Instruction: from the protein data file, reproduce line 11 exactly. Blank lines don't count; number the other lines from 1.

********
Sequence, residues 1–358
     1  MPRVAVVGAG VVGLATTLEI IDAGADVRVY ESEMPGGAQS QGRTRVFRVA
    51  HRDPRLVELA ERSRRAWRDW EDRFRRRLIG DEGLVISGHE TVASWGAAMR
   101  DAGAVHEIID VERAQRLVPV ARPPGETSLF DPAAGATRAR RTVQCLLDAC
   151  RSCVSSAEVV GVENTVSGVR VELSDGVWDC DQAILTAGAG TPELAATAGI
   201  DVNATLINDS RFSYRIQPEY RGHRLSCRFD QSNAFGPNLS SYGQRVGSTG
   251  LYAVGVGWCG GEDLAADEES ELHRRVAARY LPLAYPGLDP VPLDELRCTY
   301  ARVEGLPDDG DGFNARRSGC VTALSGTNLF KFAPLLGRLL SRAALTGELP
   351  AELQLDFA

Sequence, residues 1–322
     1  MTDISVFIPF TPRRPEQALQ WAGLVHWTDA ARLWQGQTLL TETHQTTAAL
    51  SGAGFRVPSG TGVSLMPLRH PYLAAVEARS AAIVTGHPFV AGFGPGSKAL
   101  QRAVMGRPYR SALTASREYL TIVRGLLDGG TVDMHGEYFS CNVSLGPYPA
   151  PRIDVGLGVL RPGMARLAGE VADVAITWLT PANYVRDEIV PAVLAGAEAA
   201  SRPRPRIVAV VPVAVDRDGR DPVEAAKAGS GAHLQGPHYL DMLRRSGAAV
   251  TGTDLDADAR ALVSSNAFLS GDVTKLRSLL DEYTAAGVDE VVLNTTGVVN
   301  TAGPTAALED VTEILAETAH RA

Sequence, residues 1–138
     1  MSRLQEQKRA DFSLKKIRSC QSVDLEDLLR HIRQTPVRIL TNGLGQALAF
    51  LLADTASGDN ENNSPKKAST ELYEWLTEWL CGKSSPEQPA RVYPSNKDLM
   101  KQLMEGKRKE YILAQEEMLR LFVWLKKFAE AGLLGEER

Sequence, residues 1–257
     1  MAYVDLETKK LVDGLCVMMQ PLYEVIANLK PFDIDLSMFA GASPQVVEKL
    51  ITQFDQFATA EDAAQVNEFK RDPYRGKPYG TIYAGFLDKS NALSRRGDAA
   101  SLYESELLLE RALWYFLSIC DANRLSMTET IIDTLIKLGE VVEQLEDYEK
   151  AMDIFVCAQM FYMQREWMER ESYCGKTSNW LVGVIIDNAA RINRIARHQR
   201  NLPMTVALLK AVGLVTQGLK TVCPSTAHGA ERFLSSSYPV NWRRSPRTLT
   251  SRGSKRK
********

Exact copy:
     1  MTDISVFIPF TPRRPEQALQ WAGLVHWTDA ARLWQGQTLL TETHQTTAAL